He works 6 days weekly, a few of those are pretty light but lots of suppling and a bit of WTC each direction. He walks in the Equiciser daily in the afternoon. I am neurotic about his care, but that is my personality...LOL! If I think he has worked hard, he gets poultice. I do have a Game Ready that is used on him daily and he is wrapped overnight - that was his regimen when I bought him and it's best not to change much at this age! He is fitter than when I bought him, covered in dapples and you can see your reflection in his coat. I listen to him closely but so far, he shows no signs of slowing down. Be diligent in his dental care, feed a diet high in forage and minimal sugar/starch, Adequan & Legend if you can...and enjoy the experience.



  17. #17
    Join Date
    Apr. 13, 2007
    Posts
    341

    Default

    I purchased an emaciated out of work 27 year old that my daughter found on Craigslist. I called my farrier to ask about him as it turned out he did his feet. He let me know he had never seen the horse do anything and he didn't think he would be a good risk. Well my daughter had other ideas; we bought him, fed him, took him to the vet and he lived for another 2 years.

    He was fat and happy and worked 5 days a week up until he died of a stroke. My farrier could not believe how good he looked after just a few months. We brought him back slowly of course but he taught quite a few people how to do flying changes. As one other poster mentioned he could still be naughty if he wasn't asked properly.

    I'd go for the horse myself.



  18. #18
    Join Date
    Nov. 25, 2008
    Location
    Stuttgart, Germany
    Posts
    558

    Default

    Do it! If you are in the position to be able to retire the horse then all is well. I just starting part leasing a 20 year old schoolmaster that did S level dressage years ago (PSG or so...) but the girl has been riding him more training/1st level so he's a little rusty. Collection is no problem for him because he's a Lusitano but he needs to be stronger behind still so we are working on that. I think you should go for it! (And post pictures after you get him!)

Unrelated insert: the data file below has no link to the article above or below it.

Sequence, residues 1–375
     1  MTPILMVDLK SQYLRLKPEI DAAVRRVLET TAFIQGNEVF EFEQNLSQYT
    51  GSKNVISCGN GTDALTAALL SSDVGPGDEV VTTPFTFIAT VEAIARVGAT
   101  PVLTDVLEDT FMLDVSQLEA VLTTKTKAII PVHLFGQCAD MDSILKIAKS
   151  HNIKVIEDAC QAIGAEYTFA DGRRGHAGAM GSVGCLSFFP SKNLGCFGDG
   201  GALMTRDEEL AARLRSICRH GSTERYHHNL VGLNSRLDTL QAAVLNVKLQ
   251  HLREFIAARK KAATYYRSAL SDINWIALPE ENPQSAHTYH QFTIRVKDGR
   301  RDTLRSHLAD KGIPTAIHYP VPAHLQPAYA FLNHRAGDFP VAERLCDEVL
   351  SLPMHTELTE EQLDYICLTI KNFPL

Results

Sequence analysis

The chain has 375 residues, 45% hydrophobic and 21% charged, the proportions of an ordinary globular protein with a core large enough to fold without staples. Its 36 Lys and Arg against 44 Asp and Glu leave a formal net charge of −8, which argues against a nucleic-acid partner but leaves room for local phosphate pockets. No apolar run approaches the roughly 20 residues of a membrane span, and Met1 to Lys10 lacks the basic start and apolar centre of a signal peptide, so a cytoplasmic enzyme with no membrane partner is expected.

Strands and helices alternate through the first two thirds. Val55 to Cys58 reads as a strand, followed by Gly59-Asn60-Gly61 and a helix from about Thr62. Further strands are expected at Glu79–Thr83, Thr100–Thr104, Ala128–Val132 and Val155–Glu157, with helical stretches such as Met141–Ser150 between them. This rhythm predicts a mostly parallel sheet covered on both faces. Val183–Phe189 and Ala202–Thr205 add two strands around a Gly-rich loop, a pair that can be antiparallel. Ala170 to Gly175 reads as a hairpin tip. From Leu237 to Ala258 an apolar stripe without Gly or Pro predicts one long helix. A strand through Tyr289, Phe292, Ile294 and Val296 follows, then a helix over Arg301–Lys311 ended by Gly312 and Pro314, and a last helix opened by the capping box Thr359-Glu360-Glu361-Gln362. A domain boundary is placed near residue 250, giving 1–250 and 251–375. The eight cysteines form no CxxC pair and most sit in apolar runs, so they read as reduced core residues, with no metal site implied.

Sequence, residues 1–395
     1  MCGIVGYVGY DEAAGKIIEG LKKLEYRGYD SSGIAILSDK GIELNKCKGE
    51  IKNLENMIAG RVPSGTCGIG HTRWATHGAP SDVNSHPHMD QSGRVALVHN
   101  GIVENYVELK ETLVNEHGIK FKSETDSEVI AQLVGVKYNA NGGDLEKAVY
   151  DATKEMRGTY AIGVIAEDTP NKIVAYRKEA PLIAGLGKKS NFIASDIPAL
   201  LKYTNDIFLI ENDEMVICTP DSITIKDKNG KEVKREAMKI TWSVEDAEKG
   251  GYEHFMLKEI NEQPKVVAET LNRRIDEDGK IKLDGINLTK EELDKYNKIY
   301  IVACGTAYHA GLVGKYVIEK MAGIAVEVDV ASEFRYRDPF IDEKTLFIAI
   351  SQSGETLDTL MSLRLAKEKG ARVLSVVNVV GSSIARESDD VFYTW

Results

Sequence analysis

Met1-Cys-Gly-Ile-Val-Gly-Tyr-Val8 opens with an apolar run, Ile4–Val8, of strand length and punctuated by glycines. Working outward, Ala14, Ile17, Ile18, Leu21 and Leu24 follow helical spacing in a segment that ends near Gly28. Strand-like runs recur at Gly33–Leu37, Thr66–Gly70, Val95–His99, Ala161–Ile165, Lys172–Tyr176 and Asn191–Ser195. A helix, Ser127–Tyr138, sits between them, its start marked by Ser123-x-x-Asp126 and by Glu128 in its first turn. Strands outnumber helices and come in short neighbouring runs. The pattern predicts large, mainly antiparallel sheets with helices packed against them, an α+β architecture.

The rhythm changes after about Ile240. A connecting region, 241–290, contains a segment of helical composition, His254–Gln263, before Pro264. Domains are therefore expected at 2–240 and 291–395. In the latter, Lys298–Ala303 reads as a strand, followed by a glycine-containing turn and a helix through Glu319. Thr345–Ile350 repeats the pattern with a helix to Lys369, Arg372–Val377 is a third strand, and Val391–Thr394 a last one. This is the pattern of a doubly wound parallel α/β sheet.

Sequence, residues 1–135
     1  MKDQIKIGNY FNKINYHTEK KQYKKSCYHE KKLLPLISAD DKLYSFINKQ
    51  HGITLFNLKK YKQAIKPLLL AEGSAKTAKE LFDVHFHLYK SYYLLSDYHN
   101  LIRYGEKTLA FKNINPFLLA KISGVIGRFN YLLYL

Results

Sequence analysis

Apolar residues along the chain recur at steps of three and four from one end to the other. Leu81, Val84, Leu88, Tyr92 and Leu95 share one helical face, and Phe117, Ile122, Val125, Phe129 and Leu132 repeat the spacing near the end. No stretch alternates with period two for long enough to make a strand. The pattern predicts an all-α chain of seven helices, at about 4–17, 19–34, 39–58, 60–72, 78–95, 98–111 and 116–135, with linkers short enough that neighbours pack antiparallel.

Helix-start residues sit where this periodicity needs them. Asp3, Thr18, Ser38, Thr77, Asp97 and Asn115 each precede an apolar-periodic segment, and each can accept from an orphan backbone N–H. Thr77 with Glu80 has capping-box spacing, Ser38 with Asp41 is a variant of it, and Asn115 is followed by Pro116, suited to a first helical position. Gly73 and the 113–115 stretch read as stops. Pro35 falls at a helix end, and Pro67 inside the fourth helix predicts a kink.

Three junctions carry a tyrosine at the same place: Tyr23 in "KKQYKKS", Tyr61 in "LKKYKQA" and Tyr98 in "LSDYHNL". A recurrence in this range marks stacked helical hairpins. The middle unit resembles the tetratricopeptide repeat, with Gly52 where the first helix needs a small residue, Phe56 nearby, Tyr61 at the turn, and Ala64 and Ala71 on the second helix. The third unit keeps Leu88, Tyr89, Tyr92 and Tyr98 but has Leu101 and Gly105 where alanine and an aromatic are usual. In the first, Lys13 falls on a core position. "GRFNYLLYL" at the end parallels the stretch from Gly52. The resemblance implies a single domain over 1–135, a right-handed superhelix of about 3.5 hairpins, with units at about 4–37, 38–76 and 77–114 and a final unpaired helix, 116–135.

19. #19
    Join Date
    Oct. 31, 2001
    Location
    West of insanity, east of apathy, deep in the heart of Texas.
    Posts
    15,797

    Talking

    Sounds to me like you should be writing a check, rather than writing posts.

    Seriously, I don't see a thing wrong with buying an older schoolmaster. If he's sound and competing now at PSG, I can't imagine that you wouldn't get at least a couple of years at FEI with him, and probably a lot more than that. If you've already verified his soundness, maintenance issues and show record, I'd go for it, especially if he's well below market value. Congrats on your new pony!
    In loving memory of Laura Jahnke.
    A life lived by example, done too soon.
    www.caringbridge.org/page/laurajahnke/



  20. #20
    Join Date
    Jul. 17, 2009
    Posts
    226

    Default

    Thanks to all who replied. As for this horse, each time I spoke with the owner a little more info would slip out...from "he's totally sound - no maintenance required!" to "....well he does get regular chiro" to "....well I have been giving him back and hock injections...." UH?? Injections are NOT 'no maintenance.'

    Anyway, needless to say I got some really cold feet. Thank you all for reading and hopefully someone else will find this thread useful in the future!
    "Capture the horse's confidence to obtain his consent." -General L'Hotte



Similar Threads

  1. Replies: 11
    Last Post: Feb. 9, 2012, 12:18 PM
  2. Buying babies or buying made
    By Blazergoose in forum Sport Horse Breeding
    Replies: 60
    Last Post: Sep. 11, 2011, 06:09 PM
  3. I'm a Schoolmaster!!!!
    By 2DogsFarm in forum Off Course
    Replies: 13
    Last Post: May. 19, 2011, 09:17 AM
  4. Buying a Schoolmaster...
    By Alter_Ego in forum Dressage
    Replies: 21
    Last Post: Jan. 18, 2010, 02:12 PM

Posting Permissions

  • You may not post new threads
  • You may not post replies
  • You may not post attachments
  • You may not edit your posts
  •  
randomness